Java Design Pattern: Factory Method Pattern

Going on with the speach about design patterns started previously, we are going to talk about another pattern often used: the Factory Method Pattern.

The GoF (Gang of Four Design Patterns) defines it in this way:

It defines an interface to create objects, but leaves to the subclasses the decision about the type of the class to instantiate.

Starting from the definition, we can see that the problem regarding the inheritance among classes discussed for the Singleton Pattern is no longer present. In fact, we decide to use the Factory Method Pattern when we are not able to know the exact type of object to be created beforehand or when we want to delegate the task of creating objects to other entities

In the majority of the books about this topic, the pattern is represented using an UML diagram like the one below:

Factory Method Pattern

Foundamental patterns's entities

  • Creator:  it has the duty of declaring the Factory that will take care of returning the correct object;
  • ConcreteCreator: it makes the override of the Factory's method in order to return the correct implementation of the object;
  • Product: it defines the interface of the object that Factory has to return;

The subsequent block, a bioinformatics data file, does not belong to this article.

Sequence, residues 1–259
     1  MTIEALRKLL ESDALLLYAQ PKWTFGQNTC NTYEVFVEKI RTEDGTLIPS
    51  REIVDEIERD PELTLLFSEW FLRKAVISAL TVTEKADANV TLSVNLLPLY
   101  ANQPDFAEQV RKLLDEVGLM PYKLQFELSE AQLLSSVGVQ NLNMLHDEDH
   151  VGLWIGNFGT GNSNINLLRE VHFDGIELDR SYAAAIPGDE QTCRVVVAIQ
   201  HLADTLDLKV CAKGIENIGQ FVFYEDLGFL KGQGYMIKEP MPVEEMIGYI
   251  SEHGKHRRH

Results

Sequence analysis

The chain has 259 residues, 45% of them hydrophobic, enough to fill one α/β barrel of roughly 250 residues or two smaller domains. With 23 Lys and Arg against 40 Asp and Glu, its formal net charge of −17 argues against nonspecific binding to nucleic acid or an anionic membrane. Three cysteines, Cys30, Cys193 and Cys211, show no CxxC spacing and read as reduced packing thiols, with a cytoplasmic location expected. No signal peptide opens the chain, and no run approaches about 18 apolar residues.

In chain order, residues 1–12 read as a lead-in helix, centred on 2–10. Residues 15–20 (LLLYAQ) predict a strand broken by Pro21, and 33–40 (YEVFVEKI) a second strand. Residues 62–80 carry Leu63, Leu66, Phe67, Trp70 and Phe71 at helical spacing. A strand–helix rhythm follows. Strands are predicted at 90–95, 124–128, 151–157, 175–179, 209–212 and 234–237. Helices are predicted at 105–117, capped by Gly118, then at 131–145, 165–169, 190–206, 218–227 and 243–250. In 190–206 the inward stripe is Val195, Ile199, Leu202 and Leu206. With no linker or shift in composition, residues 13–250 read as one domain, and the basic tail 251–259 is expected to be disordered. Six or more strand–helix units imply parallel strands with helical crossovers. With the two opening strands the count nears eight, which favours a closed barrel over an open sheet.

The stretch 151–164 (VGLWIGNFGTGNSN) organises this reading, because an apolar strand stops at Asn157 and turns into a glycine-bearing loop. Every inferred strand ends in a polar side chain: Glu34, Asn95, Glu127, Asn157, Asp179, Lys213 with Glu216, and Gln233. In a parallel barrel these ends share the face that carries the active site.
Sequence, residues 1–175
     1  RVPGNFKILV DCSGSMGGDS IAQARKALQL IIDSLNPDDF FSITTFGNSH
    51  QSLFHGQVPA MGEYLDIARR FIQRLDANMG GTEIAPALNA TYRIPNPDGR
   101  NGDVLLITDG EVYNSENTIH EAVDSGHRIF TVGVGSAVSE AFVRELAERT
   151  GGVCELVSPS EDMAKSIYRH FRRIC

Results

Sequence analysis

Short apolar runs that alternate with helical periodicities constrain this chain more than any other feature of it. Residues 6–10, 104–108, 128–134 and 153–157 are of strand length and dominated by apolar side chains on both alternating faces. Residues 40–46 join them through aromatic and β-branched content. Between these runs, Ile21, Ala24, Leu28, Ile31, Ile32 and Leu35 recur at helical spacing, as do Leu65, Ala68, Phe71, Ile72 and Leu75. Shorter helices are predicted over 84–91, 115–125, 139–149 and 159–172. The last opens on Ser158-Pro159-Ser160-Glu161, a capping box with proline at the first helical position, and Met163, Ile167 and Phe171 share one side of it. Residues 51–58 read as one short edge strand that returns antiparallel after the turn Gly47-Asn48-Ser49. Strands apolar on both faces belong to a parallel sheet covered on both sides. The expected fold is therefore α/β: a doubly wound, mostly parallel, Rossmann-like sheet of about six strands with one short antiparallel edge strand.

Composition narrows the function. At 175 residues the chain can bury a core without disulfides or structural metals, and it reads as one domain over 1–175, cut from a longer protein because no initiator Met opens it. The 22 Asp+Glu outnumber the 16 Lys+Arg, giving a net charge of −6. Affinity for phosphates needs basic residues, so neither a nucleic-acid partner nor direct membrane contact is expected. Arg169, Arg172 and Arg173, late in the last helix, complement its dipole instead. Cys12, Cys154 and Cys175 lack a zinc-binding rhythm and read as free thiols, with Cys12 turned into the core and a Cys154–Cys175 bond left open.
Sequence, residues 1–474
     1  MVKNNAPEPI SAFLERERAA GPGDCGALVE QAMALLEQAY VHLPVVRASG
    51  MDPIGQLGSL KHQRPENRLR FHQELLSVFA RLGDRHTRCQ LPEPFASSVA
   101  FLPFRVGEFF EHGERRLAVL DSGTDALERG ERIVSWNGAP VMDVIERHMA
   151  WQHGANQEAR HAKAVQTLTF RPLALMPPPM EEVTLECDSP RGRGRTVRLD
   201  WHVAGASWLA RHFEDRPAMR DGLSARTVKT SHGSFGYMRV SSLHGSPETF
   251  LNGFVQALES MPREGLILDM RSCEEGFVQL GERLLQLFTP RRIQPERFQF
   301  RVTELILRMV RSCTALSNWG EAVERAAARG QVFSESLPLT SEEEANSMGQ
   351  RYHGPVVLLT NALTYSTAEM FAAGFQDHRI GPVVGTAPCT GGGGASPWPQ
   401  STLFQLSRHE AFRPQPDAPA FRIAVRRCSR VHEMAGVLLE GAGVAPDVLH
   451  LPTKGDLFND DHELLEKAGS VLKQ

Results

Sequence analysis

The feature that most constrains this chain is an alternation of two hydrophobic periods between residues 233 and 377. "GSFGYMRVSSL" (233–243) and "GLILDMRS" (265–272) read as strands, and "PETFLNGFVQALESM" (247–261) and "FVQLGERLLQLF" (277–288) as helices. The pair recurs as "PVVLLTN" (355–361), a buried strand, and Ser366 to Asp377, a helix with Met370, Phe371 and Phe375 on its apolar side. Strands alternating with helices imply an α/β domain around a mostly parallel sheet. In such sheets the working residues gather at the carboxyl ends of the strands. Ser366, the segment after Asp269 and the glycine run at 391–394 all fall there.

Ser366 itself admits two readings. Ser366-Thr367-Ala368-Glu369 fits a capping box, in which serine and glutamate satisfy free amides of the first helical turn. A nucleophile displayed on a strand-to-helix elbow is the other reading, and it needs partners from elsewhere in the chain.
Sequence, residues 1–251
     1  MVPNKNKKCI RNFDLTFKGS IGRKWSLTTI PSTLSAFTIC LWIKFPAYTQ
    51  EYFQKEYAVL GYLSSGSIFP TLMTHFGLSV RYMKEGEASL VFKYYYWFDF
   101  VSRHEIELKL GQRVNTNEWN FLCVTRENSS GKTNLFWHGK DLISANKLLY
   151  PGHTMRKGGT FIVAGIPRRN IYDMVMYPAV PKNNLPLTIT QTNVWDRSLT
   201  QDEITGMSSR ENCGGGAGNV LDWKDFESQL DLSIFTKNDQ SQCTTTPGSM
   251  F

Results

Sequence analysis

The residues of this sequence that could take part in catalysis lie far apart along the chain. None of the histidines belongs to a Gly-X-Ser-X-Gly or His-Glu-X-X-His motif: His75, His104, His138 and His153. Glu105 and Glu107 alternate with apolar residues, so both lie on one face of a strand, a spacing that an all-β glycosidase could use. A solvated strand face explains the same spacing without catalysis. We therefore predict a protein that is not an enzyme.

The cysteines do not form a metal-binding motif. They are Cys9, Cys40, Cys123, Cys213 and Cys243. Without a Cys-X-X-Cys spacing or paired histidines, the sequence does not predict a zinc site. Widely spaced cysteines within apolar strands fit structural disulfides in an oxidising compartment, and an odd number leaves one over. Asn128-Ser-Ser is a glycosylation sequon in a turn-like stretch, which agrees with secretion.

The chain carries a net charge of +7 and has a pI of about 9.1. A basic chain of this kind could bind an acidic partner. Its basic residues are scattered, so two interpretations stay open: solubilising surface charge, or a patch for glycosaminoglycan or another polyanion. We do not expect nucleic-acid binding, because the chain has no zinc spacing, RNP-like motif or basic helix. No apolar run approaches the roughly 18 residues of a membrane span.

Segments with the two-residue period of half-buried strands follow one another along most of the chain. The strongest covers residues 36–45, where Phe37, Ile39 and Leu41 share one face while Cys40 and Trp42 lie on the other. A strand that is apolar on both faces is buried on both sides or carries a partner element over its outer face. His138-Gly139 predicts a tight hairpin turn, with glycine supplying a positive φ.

• ConcreteProduct:it implements the object basing on Product;

The first observation, even if trivial, is that the implementation is definitely more complicated than the almost elementary one of the Singleton.

Some examples

Starting from an elementary example, let's define a CatFactory:

interface Cat{
public void speak ();

Every returned element from the factory has to implement this interface.

Let's create the concrete classes:

class Abissinian implements Cat{
public void speak(){
class AmericanCurl implements Cat{
public void speak(){
System.out.println("American Curl");
class Asian implements Cat{
public void speak(){

I decided to implement every class as non-public, assuming its placement in the same file. In fact, as we know, Java prohibits more than one public class in the same file, since the file must have the same name as the public class.

The foundamental concept of this pattern is the fact that every concrete class is a derivative of a basic type. In this case, every class implements Cat.

The Factory Class

The element to which the creation of objects is entrusted is precisely the so-called Factory class, which will have a static method with this functionality inside.

Let's see how this class could be implemented:

public class Factory{
public static Cat generateCat(String criteria){
return new Abissino();
return new AmericanCurl();
return new Asian();
return null;

We can notice that the code of the Factory class is quite easy, because it accepts only three strings. In a hypothetical real situation, the code would be longher and more complex, but this one is sufficient to give an idea of how the pattern works.

The Factory Method has different advantages and disadvantages, such as:

  • it represents a link to the subclasses: through the creator it is possible to dynamically choose which concrete class to use without any impact on the use of the end user;
  • it links class hierarchies in parallel: the ConcreteCreator can connect to the ConcreteProduct and generate a parallel link between different hierarchies;